The long held stereotype about nurses is slowly changing, as more and more men take to nursing as a career. A new research paper from professors Elizabeth Munnich and Abigail Wozniak looks at the growth in the number of male nurses over the past five decades. Men now make up about 13 percent of the nursing profession, up from 2.2 percent in 1960 and 7.6 percent in 2000.
The research lists several factors for the growing trend of men in nursing, including increased demand for nurses, a loss of social stigma, and a 1981 Supreme Court decision that required public nursing schools to allow male students. Because of the growing demand for nurses, particularly in specialized fields, many nursing schools now actively recruit men.
Doug Kolozsy was a carpenter/laborer who switched careers to become a hospital nurse. "I have no regrets of changing careers, I just with I'd done it sooner," he says. For starters, Kolozsy likes the more flexible schedule of nursing. "I work four days a week and I know some nurses who work less than that, so that's very attractive," he says. "Benefits are great, and there's always opportunities for growth within the organization."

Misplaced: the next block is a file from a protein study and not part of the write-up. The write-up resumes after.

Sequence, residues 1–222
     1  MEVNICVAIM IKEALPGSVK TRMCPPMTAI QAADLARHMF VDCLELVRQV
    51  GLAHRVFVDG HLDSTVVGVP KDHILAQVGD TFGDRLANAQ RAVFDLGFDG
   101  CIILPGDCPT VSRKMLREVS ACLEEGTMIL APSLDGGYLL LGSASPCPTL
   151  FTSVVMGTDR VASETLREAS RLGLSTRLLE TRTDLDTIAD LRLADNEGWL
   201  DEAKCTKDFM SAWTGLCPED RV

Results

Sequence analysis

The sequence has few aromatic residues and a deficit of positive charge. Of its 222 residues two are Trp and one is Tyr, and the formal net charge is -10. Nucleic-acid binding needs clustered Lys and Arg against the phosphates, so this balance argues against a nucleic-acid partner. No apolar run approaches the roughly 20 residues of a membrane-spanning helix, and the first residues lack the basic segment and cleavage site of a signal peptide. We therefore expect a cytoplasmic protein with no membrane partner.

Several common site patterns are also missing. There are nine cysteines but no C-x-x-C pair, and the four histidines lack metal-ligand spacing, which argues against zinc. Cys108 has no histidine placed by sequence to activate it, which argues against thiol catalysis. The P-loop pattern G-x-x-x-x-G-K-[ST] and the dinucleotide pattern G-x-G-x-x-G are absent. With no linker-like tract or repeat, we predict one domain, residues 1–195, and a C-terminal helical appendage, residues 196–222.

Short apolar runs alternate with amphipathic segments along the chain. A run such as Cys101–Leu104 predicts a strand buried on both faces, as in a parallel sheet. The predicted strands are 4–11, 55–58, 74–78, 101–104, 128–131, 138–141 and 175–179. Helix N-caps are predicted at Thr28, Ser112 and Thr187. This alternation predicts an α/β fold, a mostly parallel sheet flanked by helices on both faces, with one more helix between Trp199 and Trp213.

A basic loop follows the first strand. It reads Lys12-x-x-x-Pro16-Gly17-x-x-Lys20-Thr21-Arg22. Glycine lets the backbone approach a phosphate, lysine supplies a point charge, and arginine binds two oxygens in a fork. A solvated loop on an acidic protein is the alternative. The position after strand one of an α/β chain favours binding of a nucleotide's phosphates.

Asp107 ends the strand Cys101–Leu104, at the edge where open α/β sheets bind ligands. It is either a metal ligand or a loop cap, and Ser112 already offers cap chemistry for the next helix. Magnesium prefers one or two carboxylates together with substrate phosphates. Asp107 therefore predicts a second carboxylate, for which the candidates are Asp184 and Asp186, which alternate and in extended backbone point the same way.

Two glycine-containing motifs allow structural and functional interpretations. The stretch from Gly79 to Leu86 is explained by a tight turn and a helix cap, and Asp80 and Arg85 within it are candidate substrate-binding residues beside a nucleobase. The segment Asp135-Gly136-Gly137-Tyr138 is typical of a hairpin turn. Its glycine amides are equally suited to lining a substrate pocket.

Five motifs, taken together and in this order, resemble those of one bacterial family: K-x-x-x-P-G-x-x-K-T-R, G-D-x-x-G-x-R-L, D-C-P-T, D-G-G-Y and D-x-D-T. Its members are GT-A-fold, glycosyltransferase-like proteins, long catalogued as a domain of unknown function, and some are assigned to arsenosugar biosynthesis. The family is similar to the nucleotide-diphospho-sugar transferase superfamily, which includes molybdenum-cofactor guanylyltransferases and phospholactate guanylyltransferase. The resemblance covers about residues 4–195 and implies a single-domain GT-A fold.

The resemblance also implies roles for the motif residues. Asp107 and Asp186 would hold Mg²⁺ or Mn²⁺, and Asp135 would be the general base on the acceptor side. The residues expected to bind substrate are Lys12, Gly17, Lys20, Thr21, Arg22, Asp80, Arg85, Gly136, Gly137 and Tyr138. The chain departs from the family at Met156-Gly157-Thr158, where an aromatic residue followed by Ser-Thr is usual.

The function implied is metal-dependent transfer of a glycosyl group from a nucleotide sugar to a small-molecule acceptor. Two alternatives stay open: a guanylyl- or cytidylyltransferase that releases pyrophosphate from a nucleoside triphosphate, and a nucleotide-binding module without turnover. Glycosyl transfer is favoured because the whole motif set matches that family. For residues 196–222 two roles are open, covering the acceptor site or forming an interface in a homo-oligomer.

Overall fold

The other factor Kolozsy noticed when he started exploring a career in nursing was the demand, which translates to job security. "There are so many areas of nursing, and such a need in different areas of nursing right now, that it's a very secure place to be," he says. "If you're a person who enjoys being around people, always meeting new people, and working with a professional group of people, then I would highly recommend getting into nursing."